Advertisement

Troopers patrol proms

May 21, 2002|BY MARLO BARNHART

marlob@herald-mail.com

Among the frilly gowns and slick tuxedos common at junior/senior proms, this year there is a glint of brass and black leather.

Determined to aggressively discourage underage drinking, troopers with the Maryland State Police in Washington County are attending high school proms and graduation ceremonies this spring.

"We go in full uniform and hang out inside and then check outside through the evening," said Sgt. Mike Hegedus, who is coordinating the "overtime hours" grant from the National Highway Traffic Safety Administration.

Advertisement

Hegedus said he has 288 overtime hours to work with for all underage drinking operations. Of that, 40 hours are specifically for targeting proms.

"The parents love it," said Hegedus. "We've already been to a few proms and there are more to come."

Troopers 1st Class Mike Kretzer and R.O. Fraley have been to one prom, Hegedus said.

"The only thing that happened that night was that someone showed up in a pickup truck with a cooler full of beer," Hegedus said. "They were turned away by our troopers."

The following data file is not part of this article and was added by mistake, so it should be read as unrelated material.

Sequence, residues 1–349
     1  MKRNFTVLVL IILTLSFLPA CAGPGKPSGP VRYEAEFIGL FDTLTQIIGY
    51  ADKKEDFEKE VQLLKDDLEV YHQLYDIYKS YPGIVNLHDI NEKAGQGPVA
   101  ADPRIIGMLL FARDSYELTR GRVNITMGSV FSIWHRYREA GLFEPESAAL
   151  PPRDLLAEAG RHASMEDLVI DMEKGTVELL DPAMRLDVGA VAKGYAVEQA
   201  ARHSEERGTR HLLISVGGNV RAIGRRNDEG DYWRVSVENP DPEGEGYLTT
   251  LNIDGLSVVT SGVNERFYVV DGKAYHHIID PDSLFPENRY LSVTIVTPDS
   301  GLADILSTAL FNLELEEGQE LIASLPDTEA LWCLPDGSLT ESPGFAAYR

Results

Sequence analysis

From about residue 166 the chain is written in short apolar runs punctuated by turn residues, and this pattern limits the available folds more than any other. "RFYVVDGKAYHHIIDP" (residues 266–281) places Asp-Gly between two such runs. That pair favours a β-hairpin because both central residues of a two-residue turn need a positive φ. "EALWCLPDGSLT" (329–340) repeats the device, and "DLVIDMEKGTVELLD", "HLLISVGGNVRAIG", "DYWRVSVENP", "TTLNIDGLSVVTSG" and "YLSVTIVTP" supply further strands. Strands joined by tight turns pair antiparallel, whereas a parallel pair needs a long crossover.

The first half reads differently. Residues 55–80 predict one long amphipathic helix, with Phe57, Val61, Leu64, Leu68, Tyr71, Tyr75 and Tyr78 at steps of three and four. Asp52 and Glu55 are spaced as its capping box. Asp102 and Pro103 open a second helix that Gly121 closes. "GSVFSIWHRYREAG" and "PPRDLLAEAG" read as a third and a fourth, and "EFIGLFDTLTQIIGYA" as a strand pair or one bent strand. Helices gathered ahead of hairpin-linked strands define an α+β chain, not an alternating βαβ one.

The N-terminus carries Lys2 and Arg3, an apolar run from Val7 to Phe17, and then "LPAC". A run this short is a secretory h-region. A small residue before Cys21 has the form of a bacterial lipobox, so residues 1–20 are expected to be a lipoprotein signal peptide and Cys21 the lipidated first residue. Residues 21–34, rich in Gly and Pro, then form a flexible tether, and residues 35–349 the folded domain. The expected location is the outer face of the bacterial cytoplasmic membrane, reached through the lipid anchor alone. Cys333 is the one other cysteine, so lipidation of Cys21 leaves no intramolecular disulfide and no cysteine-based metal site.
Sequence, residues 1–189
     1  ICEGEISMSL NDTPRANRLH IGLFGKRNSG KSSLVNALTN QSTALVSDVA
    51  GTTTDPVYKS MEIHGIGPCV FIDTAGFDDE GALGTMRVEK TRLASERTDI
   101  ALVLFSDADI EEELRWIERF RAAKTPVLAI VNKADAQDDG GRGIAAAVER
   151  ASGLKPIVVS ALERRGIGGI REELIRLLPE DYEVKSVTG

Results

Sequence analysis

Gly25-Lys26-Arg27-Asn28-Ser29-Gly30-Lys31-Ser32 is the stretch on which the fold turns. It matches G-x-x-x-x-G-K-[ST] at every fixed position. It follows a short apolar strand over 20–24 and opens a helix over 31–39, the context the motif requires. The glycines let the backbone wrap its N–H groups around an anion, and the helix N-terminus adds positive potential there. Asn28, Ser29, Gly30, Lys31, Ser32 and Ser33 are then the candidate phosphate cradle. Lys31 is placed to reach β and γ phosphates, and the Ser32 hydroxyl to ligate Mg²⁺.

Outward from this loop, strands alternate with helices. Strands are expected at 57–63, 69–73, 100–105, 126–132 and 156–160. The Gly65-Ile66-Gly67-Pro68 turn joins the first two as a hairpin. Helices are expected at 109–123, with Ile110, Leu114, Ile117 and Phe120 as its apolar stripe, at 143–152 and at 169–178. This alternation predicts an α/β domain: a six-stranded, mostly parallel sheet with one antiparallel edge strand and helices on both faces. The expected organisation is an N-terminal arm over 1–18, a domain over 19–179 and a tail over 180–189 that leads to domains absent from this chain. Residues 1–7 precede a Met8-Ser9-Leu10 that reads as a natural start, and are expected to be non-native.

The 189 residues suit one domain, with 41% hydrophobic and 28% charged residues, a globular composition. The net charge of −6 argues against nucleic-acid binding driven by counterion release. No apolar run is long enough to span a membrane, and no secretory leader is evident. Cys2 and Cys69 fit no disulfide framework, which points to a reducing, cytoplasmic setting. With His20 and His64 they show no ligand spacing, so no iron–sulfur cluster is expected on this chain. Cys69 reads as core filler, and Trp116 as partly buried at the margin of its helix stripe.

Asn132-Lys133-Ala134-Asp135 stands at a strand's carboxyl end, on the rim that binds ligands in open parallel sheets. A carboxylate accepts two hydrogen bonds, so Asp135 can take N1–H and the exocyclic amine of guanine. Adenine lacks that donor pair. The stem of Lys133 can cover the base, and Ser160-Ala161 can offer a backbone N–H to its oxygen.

The tactics used at proms are subtle, Hegedus said. "We don't frisk the kids when they go in or out, we just keep our eyes open."

Hegedus said troopers carry portable testing devices with them on such assignments and if they smell alcohol on a young person's breath, they will test for alcohol.

"If alcohol is found, citations will be issued," Hegedus said.

Hegedus acknowledged the main thrust of underage drinking enforcement is on kids buying alcohol illegally or having adults buy alcohol for them. Proms and graduations seemed a logical offshoot of that program, he said.

Now that warmer weather is here, troopers will frequent known party sites around Washington County. In those cases, troopers will be undercover and there will be many of them. Then uniformed officers will come in to issue citations and make sure no one leaves, Hegedus said.

"We find out about many of these parties via the Internet," Hegedus said. "And as far as private parties in homes where alcohol is provided ... if we find out about them, we will be there."

The Herald-Mail Articles
|
|
|